“The more well-known breweries who start canning, the more legitimacy it adds to the package,” he said. “Breweries like Boston Beer have a lot of power at retail, so you’ll see package stores start dedicating more space to can packages. [These are] coat tails I’m happy to ride because once we’re there too, I feel confident in our liquid and can designs to continue to stand out.”
This isn’t even counting their success with their subsidiary branch “Alchemy and Science,” a craft brew incubator headquartered in Burlington, VT, backed by Boston Beer and run by Magic Hat founder Alan Newman and Stacey Steinmetz, a longtime business associate of Newman from Magic Hat. Along with Boston Beer’s help, Alchemy and Science can now enhance the distribution and awareness of Los Angeles’ Angel City Brewing, Travelers, a shandy-focused business (shandies collected $67 million in US sales in 2013), and Concrete Beach, a new Miami-based brewery expected to open sometime this year.
The goal of these new breweries? Focus on the country’s ever-growing Hispanic population, which is an untapped and important demographic for craft beer to lean on.
All this is to say that while Boston Beer has increased its spending on marketing to move products, Jim Koch has never forgotten about the route that led him to such success – and he lets his company’s money speak to that. It’s about expanding and innovating, which has allowed Sam Adams to become “a reliable innovator with distribution strength” and Alchemy and Science is a new business that “could generate the next big hit.”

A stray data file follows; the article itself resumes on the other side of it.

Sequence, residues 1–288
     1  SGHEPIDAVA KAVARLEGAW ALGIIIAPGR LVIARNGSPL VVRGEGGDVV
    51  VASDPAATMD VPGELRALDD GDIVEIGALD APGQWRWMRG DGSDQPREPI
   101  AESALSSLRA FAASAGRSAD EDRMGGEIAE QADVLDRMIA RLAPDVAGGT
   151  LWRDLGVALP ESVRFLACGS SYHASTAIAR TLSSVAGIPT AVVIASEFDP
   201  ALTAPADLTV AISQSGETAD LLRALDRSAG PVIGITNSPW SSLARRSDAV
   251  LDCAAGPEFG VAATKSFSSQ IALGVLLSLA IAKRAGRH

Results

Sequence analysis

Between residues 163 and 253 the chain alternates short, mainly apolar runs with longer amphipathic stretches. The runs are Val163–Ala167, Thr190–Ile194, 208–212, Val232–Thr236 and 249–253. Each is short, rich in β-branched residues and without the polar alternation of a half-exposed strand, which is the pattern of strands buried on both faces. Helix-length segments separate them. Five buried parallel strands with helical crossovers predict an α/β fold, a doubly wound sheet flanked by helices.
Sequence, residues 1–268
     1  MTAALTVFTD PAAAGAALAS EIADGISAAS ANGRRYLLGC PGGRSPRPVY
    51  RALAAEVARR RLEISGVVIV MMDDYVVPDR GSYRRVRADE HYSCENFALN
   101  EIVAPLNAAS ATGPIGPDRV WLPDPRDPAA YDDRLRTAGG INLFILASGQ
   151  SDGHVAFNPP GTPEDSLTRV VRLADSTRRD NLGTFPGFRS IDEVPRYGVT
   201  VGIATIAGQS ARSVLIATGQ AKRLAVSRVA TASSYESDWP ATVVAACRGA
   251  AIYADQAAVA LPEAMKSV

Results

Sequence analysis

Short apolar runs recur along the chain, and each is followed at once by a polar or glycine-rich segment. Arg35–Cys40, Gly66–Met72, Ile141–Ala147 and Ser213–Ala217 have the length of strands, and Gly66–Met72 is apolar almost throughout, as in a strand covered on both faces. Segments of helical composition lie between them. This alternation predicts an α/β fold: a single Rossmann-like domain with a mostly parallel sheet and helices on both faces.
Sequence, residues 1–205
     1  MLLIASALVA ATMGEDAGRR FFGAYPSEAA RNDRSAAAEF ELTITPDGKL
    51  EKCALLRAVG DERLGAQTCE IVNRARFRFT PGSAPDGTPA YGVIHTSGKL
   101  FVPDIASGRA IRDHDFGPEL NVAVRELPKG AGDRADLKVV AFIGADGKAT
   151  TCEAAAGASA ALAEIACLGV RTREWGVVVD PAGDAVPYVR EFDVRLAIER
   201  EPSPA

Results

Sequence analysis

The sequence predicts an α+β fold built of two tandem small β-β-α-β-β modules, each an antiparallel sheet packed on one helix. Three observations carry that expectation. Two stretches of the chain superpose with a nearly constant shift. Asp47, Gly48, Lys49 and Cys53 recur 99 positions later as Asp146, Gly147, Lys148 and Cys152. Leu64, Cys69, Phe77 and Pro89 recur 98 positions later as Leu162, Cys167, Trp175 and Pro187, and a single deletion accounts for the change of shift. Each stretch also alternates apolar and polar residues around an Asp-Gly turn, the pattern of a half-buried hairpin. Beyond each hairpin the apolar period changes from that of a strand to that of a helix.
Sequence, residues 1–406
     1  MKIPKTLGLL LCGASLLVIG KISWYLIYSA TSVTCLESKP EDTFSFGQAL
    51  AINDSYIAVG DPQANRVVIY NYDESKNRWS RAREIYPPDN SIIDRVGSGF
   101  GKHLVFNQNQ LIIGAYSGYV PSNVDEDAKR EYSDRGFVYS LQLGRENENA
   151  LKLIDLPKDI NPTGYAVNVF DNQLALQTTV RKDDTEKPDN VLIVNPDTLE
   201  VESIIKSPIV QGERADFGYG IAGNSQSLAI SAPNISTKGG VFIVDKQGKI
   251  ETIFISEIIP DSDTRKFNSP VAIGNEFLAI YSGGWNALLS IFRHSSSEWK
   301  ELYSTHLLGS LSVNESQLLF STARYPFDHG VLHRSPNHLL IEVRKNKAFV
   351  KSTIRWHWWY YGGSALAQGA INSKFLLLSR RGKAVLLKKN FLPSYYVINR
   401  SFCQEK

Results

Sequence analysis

Even though Boston Beer may be the biggest craft brewery in America, Pete Coors’ assessment that “They are having a hard time defining themselves as craft brewers because of their size” is not based in reality. Boston Beer is large, no doubt, but that has never moved the company from its intent to grow and innovate. After all:
…this kind of innovation wasn’t sparked by some top-down, board-approved change in structure. It’s baked into the DNA.“It’s what we’ve always done,” says Koch. “If you told me that we can’t come out with any new beers for a year, we would like, blow a gasket.”
What about you? Do you believe in Boston Beer’s commitment to creating new products?
Posts in this series:
- There’s Craft in Your Beer: A Giant, An Industry and a Definition
- Marketing Boston Beer: When Ad Spending Is About More Than the Ads
- Diversifying Boston Beer: How a Company Mindset Leads Growth, Innovation
- The Road Ahead for Boston Beer: Where They’re Going, They Don’t Need Definitions
“Don’t drink to get drunk. Drink to enjoy life.” — Jack Kerouac